Former Obama advisor Ben Rhodes, who negotiated the rapprochement, said the rollback is a pointless mistake in the Atlantic. The new policies "represent a step backwards. By restricting engagement with large swaths of the Cuban economy controlled by the military, Trump is simultaneously demanding that Cuba embrace capitalism while making it harder for them to do so. Cuba will be exposed to less engagement from American companies and less incentives from American revenue. U.S. businesses can only press for reforms in how Cuba structures its economy—like allowing foreign companies to hire Cubans directly— if they can actually do business in Cuba. Meanwhile, the Cuban government is not going to let go of their holdings because the U.S tells them to; they’re far more likely to turn to Russia and China. By removing America from the equation, Trump delivered a better deal for Vladimir Putin and Xi Jinping."

He also noted that "there are dozens of authoritarian governments; we do not impose embargoes on China or Vietnam, Kazakhstan or Egypt. Last month, President Trump travelled to Saudi Arabia—a country ruled by a family, where people are beheaded and women can’t drive."

In fact, neither the new nor the previous U.S. policies were motivated by a desire to foment democracy in Cuba, argues Oppenheimer, rather both were the result of domestic politics. In Trump's case the true motivation is "Florida Sen. Marco Rubio (R), who sits on the Senate Intelligence Committee that is investigating the Trump campaign’s possible collusion with Russia, and Miami Republican congressman Mario Diaz-Balart, a key member of the House appropriations committee."

Politico piece reports that Rubio and Díaz-Balart recommended Trump announce the policy on his own, before it could be undermined by government agencies in favor of engagement.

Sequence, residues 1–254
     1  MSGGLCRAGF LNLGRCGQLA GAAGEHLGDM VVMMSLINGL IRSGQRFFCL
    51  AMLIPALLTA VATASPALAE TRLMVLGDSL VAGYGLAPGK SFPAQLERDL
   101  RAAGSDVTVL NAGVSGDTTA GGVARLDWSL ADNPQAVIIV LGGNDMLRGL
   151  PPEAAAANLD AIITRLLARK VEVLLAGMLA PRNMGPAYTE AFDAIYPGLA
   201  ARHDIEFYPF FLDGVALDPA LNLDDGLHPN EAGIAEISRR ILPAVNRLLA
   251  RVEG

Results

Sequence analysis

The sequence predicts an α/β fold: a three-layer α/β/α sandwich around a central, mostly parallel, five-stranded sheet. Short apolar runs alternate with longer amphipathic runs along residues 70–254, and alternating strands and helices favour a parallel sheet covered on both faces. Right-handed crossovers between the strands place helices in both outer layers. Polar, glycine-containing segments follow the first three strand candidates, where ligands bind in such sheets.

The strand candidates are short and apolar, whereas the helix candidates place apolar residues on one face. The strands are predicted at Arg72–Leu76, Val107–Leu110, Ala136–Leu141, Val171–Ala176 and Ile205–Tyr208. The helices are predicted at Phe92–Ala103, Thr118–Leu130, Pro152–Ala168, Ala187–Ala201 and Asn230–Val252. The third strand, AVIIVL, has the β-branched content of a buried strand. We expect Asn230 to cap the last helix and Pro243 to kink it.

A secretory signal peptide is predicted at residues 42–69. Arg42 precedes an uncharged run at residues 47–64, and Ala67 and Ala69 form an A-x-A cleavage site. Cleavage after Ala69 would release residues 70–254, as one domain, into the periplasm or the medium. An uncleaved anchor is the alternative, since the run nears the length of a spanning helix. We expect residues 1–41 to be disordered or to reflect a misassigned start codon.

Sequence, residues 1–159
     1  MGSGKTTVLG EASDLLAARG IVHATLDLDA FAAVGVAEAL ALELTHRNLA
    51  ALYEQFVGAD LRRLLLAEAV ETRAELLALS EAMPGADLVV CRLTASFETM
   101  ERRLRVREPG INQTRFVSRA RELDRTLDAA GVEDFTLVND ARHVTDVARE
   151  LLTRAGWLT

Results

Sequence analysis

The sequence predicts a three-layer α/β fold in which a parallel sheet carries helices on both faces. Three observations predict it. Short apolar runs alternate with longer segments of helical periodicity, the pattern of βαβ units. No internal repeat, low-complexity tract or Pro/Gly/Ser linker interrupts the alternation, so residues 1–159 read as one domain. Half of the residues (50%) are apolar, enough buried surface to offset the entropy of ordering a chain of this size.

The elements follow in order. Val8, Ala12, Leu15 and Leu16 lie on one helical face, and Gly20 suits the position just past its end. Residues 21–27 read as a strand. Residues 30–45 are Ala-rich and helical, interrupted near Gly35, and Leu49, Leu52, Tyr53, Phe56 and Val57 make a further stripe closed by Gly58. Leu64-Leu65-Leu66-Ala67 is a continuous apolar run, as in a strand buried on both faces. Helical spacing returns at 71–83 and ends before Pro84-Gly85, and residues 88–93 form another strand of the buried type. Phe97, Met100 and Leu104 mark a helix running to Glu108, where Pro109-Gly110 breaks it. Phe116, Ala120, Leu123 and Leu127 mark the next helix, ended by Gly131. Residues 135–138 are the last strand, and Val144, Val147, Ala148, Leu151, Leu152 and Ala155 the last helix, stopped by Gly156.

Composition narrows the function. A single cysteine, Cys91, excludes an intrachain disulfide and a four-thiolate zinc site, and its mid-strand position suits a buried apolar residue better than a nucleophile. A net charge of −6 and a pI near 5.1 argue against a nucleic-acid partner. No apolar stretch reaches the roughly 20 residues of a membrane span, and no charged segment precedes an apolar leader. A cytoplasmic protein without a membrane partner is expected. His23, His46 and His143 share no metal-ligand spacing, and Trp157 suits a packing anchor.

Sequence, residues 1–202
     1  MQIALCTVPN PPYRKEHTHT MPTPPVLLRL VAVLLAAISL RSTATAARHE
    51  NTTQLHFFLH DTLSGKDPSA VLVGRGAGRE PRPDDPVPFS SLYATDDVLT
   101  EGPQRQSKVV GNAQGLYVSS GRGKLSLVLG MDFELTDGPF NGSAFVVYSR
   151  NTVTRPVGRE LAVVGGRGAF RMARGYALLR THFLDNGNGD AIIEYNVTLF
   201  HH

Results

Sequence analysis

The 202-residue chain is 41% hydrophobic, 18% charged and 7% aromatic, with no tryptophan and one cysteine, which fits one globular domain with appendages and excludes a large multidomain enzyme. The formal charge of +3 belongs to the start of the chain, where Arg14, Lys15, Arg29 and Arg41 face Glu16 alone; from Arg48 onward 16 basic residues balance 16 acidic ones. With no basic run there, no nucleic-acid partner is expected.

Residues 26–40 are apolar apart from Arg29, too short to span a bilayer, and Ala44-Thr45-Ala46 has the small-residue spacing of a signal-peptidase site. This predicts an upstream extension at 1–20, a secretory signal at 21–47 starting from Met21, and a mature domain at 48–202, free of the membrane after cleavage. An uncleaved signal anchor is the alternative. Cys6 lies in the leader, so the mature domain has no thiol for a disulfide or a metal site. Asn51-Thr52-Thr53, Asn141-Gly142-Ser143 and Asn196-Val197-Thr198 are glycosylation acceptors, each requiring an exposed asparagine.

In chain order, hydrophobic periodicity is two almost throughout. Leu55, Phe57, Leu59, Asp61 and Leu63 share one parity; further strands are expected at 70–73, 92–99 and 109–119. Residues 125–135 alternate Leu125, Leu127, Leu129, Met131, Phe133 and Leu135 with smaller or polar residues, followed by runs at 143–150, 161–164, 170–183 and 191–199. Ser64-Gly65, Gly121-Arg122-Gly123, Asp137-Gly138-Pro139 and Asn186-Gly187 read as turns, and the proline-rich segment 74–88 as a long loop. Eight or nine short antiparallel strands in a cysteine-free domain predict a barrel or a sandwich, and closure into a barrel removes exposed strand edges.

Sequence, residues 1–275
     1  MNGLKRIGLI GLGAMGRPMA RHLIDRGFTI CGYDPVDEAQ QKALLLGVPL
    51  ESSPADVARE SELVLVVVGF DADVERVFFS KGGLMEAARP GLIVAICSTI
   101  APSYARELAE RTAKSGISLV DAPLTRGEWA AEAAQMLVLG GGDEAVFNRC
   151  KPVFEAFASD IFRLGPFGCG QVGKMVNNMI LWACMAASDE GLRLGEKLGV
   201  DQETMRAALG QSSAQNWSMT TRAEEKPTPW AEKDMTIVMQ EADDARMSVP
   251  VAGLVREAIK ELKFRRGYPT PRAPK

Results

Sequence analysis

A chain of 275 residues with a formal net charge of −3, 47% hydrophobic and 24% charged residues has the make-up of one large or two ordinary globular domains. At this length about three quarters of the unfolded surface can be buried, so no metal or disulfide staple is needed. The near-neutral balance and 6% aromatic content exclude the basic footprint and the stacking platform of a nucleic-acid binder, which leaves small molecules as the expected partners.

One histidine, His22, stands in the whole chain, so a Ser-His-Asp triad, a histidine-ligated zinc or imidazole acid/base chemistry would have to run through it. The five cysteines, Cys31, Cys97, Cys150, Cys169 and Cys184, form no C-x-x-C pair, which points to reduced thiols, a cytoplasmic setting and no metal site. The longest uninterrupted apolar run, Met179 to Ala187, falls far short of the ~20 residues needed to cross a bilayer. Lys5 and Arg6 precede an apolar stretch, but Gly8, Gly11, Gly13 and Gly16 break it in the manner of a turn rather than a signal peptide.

The announcement has little to do with Cuban reality, writes Carlos Manuel Álvarez in El Estornudo. Apart from a marked lack of efficacy in policies aimed at economically punishing the government, targeting military run industry is likely to be less straightforward than the blustering announcement would seem to indicate, he writes. "The Republican administration, unless it is even more inept than the world has already confirmed it is, must be aware that it has left a wide and comfortable range of maneuver to Raúl Castro ... "

On the other side of the divide, Mary Anastasia O'Grady also decries the embargo as useless, and instead recommends a truth commission that would permit Cubans to expose how their rights have been systematically violated by the government, she writes in the Wall Street Journal.

The announcement appeased nobody in the polarized Cuba policy debate -- neither hardliners nor proponents of engagement were satisfied by Friday's announcement, reports the Miami Herald separately. In Havana the speech was not followed closely, but caused anger once the details became known, according to the Washington Post. In the U.S. hardliners denounced that the new policies do little for "oppressed" Cubans, while engagement proponents predicted they would backfire in their stated intentions, notes the NYT.

Another Politico piece emphasized the symbolic nature of the announcement, and how in Cuba it hits at a hopefulness inspired by Obama's approach.

News Briefs
  • At least three people were killed and a dozen injured in a bombing at an upscale Bogotá mall on Saturday, reports the Miami Herald. The explosive device was placed in the women's bathroom of the Andino shopping center. Colombian authorities are offering a $34,000 reward for information about the bombing, reports the Miami Herald separately. President Juan Manuel Santos said authorities were working on three hypothesis, but did not elaborate further. He did suggest yesterday that enemies of the historic peace deal with the FARC could be behind the attack. Suspicion first fell on the still active National Liberation Army (ELN), but they denied involvement.